July 13, 2005

The Shortcomings of the Founders

Ever notice how the founders of our country had no interest in irony? You can read The Federalist Papers from front to back and not find an unmeant sentence, a facetious overtone.

They did not spend their time strutting, posturing, boasting emptily or vaingloriously. “Give me liberty or give me death” was a literal statement, a measure of real expected consequences, not a line thought up by an image consultant.

They did not advertise themselves or glorify themselves or sell themselves. Washington was so unselfserving that we have almost no inkling of who he was – a man who awed the likes of Jefferson and Adams.

They did not indulge in smarter–than–thou sophistication, though they were smarter than anyone. Franklin, their greatest wit, was earnestly trying to help his countrymen live better.

They put their money where their mouths were. They pledged their lives, their fortunes, and their sacred honor, and having said it, they had no choice but to mean it. If they had lost, they would have been hanged as traitors, their estates likely confiscated, their names spat upon by history. Remember that, the next time you think of them as fighting to maintain inherited privilege. To maintain inherited privilege, they would have only had to do nothing.

Which of us even has a sacred honor to pledge?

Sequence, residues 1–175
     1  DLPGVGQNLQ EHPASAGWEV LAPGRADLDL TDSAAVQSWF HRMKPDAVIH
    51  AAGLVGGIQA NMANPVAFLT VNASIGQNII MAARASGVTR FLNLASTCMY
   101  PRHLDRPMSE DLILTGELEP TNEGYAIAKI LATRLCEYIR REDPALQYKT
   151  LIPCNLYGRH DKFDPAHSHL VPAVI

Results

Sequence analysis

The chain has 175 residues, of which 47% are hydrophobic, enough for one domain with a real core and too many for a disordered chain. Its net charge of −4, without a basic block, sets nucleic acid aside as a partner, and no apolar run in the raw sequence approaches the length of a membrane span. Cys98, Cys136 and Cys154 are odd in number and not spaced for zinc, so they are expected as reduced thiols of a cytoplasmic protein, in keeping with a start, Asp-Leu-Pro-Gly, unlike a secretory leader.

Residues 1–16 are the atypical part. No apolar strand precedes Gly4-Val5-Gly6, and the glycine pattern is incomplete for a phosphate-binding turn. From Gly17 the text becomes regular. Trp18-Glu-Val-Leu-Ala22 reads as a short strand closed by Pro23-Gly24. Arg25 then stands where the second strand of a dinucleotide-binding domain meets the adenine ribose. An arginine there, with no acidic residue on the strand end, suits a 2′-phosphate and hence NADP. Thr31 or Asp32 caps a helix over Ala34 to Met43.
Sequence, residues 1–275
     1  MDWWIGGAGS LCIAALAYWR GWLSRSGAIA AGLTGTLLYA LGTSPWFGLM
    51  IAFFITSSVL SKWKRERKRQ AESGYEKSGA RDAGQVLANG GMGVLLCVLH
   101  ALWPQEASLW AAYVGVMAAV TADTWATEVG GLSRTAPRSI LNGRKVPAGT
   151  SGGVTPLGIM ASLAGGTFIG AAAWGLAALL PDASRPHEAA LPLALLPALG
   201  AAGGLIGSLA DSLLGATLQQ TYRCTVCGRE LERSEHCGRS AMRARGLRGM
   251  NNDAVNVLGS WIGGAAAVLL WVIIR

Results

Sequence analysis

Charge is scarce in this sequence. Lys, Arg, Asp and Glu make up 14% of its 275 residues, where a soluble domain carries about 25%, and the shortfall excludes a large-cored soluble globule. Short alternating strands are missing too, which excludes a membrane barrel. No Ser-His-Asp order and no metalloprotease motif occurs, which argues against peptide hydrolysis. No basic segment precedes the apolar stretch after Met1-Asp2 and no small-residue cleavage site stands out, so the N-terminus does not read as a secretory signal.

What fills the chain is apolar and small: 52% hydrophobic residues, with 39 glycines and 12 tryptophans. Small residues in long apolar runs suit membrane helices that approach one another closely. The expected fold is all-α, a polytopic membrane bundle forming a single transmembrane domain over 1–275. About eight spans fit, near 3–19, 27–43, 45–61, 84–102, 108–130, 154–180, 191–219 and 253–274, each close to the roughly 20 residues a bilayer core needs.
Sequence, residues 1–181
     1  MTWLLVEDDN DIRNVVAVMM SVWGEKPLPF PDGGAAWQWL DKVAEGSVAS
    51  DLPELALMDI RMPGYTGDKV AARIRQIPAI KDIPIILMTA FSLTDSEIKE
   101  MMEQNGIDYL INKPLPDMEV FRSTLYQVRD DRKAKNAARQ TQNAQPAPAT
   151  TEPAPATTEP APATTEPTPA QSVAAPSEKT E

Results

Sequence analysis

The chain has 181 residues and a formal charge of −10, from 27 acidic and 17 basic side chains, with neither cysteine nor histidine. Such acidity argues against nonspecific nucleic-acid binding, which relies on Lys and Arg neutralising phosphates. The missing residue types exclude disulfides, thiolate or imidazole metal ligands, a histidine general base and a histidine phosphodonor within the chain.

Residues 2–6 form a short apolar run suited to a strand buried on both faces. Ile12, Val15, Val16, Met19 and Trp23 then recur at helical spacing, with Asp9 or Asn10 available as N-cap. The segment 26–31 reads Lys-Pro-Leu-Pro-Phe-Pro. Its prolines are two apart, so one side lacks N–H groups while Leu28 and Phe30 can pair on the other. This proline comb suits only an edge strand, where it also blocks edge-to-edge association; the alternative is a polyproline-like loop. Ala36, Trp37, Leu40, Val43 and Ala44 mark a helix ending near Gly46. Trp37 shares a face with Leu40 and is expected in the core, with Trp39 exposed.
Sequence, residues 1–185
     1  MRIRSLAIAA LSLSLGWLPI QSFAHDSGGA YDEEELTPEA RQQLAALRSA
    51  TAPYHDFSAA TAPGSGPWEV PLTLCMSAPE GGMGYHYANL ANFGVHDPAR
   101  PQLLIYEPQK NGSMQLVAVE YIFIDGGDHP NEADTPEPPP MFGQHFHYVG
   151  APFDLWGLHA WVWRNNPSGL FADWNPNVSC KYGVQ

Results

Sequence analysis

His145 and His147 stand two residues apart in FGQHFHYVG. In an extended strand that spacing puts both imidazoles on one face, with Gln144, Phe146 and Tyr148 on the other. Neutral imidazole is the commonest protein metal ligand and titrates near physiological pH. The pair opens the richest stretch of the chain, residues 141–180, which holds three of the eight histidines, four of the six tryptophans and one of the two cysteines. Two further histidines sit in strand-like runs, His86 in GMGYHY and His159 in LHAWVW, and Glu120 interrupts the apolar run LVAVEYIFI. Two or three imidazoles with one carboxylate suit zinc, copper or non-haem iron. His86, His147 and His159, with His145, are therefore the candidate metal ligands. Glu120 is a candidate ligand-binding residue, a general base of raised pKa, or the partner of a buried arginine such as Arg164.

And they did not look back with intolerant superiority at their predecessors. They did not castigate the Romans for their flaws; they tried to live up to the Romans’ virtues. We sneer and call them hypocrites because their reach exceeded their grasp, because they did not live up to the ideals they created -- as if creating ideals like those wasn’t enough for one generation. We look back at them through the lens of our own cynicism and insincerity.

They bequeathed us a treasure, and have we enlarged it as they hoped? Or have we lived high off it, laughing as it dwindled?

Which of us will not have to beg forgiveness of the future?

If they came back, they would hear our criticisms thankfully and admire our progress. They would admit their shortcomings, which they made their system to protect us from.

And then we could ask them what to do.

"It has been frequently remarked, that it seems to have been reserved to the people of this country, by their conduct and example, to decide the important question, whether societies of men are really capable or not, of establishing good government from reflection and choice, or whether they are forever destined to depend, for their political constitutions, on accident and force. If there be any truth in the remark, the crisis, at which we are arrived, may with propriety be regarded as the area in which that decision is to be made; and a wrong election of the part we shall act, may, in this view, deserve to be considered as the general misfortune of mankind."
-- Hamilton, THE FEDERALIST, No. 1